Django 1.3 overview

>>Django at a glance

Because Django was developed in a fast-paced newsroom environment, it was designed to make common Web-development tasks fast and easy. Here’s an informal overview of how to write a database-driven Web app with Django.

The goal of this document is to give you enough technical specifics to understand how Django works, but this isn’t intended to be a tutorial or reference – but we’ve got both! When you’re ready to start a project, you can start with the tutorial or dive right into more detailed documentation.

>Design your model
Although you can use Django without a database, it comes with an object-relational mapper in which you describe your database layout in Python code.

The data-model syntax offers many rich ways of representing your models – so far, it’s been solving two years’ worth of database-schema problems. Here’s a quick example, which might be saved in the file

mysite/news/models. py:

Class Reporter(models. Model):
full_name = models. CharField(max_length=70)

Def __unicode__(self):
return self. full_name

Class Article(models. Model):
pub_date = models. DateTimeField()
headline = models. CharField(max_length=200)
content = models. TextField()
reporter = models. ForeignKey(Reporter)

Def __unicode__(self):
return self. headline
Install it

Next, run the Django command-line utility to create the database tables automatically:
Manage. py syncdb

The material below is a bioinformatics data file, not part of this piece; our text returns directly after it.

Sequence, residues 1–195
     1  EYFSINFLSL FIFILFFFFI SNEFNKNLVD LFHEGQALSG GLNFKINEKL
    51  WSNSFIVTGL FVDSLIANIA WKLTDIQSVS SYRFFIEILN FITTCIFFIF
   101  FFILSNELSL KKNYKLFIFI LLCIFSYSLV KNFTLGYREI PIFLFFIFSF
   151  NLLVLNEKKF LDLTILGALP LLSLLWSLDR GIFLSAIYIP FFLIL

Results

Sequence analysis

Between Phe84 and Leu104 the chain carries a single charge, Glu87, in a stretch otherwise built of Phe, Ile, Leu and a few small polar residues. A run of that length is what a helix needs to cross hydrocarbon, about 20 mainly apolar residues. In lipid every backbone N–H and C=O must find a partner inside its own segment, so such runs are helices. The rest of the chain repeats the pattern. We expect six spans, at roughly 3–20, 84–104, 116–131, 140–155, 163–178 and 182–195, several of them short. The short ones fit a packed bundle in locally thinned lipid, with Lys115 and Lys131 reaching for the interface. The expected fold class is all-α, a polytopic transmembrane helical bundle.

The syncdb command looks at all your available models and creates tables in your database for whichever tables don’t already exist.

>Enjoy the free API
With that, you’ve got a free, and rich, Python API to access your data. The API is created on the fly, no code generation necessary:

# Import the models we created from our “news” app
>>> from news. models import Reporter, Article

# No reporters are in the system yet.
>>> Reporter. objects. all()
[]

# Create a new Reporter.
>>> r = Reporter(full_name=’John Smith’)

# Save the object into the database. You have to call save() explicitly.
>>> r. save()

# Now it has an ID.
>>> r. id
1

# Now the new reporter is in the database.
>>> Reporter. objects. all()
[]

# Fields are represented as attributes on the Python object.
>>> r. full_name
‘John Smith’

# Django provides a rich database lookup API.
>>> Reporter. objects. get(id=1)

>>> Reporter. objects. get(full_name__startswith=’John’)

>>> Reporter. objects. get(full_name__contains=’mith’)

>>> Reporter. objects. get(id=2)
Traceback (most recent call last):

DoesNotExist: Reporter matching query does not exist.

# Create an article.
>>> from datetime import datetime
>>> a = Article(pub_date=datetime. now(), headline=’Django is cool’,
… content=’Yeah.’, reporter=r)
>>> a. save()

# Now the article is in the database.
>>> Article. objects. all()
[]

# Article objects get API access to related Reporter objects.
>>> r = a. reporter
>>> r. full_name
‘John Smith’

# And vice versa: Reporter objects get API access to Article objects.
>>> r. article_set. all()
[]

# The API follows relationships as far as you need, performing efficient
# JOINs for you behind the scenes.
# This finds all articles by a reporter whose name starts with “John”.
>>> Article. objects. filter(reporter__full_name__startswith=”John”)
[]

# Change an object by altering its attributes and calling save().
>>> r. full_name = ‘Billy Goat’
>>> r. save()

# Delete an object with delete().
>>> r. delete()

>A dynamic admin interface: it’s not just scaffolding – it’s the whole house



Django 1.3 overview